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Interviews: WE THE CROOKED


We have had the opportunity to interview the Modern Rock band WE THE CROOKED from the UK. Check out the interview and follow the band on their FACEBOOK PAGE.

1. Where did you get the idea for the band name, you planned it or come out just like that?

J.C: We simply liked the antagonistic idea of crookedness in general, and hoped it would inspire us to create rock music that was a little different than the rest.

NV: Yeah, we turned ‘crooked’ into a verb. At some point, the name began to guide the music too. We often stumble across unusual musical ideas that we build into our songs, specifically because they sound weird, disjointed or ‘crooked’.

2. Why did you want to play this genre?

J.C: When I first got into music as a teenager, I was attracted to the raw, high-energy sounds of rock music: passionate, gritty vocals, thundering drums, growling bass and streams of pure guitar energy. Still to this day I love it, it's a very potent sound.

RS: It’s something about the edge rock music has. Its rebellious history appealed to me especially in my youth. I needed something loud, aggressively cathartic, and brash to compliment my emotions at the time. Though I've matured, I think that stays with me.

NV: For me, the sound of a distorted electric guitar is magical. I think JC put it well with ‘potent’, playing rock music makes you feel 10 feet tall.

3. Did you know each other before the band was formed?

J.C: Some of us knew each other from the local scene, but we actually met our guitarist Neelesh on Craigslist.

NV: Craigslist is the seedier, international version of Gumtree. If you hear about people getting murdered by strangers online, there’s a good chance it was on Craiglist. Thankfully, this time it really worked out!

4. Each band member favourite band?

J.C: Nirvana.

Neelesh: Nirvana.

Russ: Tool, probably.

5. Who or what inspires you to write songs?

J.C: Sometimes you just want to write music that doesn’t exist in the real world. Sometimes it's that in combination with a feeling or message that you want to express to someone or anyone who will listen.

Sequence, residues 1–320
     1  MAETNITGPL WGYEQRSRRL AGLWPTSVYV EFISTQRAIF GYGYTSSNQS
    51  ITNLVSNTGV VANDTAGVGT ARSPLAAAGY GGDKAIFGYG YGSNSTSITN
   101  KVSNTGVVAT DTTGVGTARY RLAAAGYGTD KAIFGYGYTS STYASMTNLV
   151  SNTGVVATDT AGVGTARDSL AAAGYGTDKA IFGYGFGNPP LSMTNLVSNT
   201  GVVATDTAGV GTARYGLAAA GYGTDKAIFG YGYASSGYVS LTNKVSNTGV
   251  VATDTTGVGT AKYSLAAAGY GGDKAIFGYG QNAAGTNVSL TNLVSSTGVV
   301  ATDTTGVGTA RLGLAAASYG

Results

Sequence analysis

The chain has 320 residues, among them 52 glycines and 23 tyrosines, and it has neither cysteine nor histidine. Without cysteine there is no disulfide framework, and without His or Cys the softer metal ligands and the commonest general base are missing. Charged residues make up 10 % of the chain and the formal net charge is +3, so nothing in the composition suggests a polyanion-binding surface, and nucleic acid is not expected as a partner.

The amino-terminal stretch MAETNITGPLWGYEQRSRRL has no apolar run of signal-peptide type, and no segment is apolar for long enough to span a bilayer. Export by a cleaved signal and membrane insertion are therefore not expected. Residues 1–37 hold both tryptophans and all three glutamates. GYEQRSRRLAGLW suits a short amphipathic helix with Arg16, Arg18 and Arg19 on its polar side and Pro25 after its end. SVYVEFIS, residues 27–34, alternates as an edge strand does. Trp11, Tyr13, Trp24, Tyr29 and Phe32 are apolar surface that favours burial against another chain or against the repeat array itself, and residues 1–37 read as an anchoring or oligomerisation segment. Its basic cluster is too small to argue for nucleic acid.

6. Where was your last gig?

JC: The legendary Horseshoe Tavern in Toronto, Canada, with a couple of stand-ins. It was a hot, packed room. Against Covid rules, we invited our fans up on stage to dance and headbang. It felt like living again. It was glorious.

7. Where would you like to play?

JC: We’d love to come play in the UK and see how our style of rock would be received by Brits.

NV: Seconded. I’m British, so I’m invested in finding out whether our brand of alternative rock can be seeded here.

8. Who would you like to support?

J.C: In the UK? The Subways

NV: Soooo many. If I can dream? Ash, Feeder or Royal Blood would be bucket list material.

9. Who not?

J.C.: There is nobody we’d decline, unless they eat babies. Not cool.

10. Any of you has ever suffered from stage fright? Any tip for beginners on how to beat that?

J.C.: Not actual stage fright, but definitely some nerves when experiencing a new stage situation, be it playing a difficult new song, dealing with gear malfunction, or vibing with new musicians. At the end of the day, confidence comes with preparation, and is cemented with experience.

RS: I identify it more as an adrenaline spike than uneasiness. Honestly, don't drink alcohol to cope, it's the absolute worst thing to make a habit of. Stick to water, and eat a light meal of pasta to settle you in.

N.V: Sure, but it’s an easy beast to slay. You just need to face it, smile at it, and see how quickly it runs away. I believe they call that exposure therapy? After a few shows, you’ll build trust in your abilities.

11. What bands have inspired you the most?

J.C.: Still to this day I admire the 90s Seattle grunge bands the most, for their creatively heavy sounds and deep lyrics.

NV: Nirvana, Guns N’ Roses and Weezer built me, musically. Not that I listen to them much anymore.

12. What's the weirdest thing a fan has ever asked you for?

RS: A blowjob probably, unfortunately for them I don't swing that way. Someone in Lisbon asked me for the latter half of my sandwich.

13. What do you think of your fans?

JC: Our fans always interest us because their tastes in music are always so diverse. They’re not always into rock music themselves.

RS: The idea of ‘having fans’ is a strange concept for me, even now. I just approach everyone with the same attitude. We're all human. I reserve my individual judgement for later.

14. What do you think of our site?

NV: Any site that gives a voice to upcoming musicians is worthy of applause.

15. Something to add?

J.C: Be kind to one another. If you like our spirit and want to see where this goes, follow us at @wethecrooked

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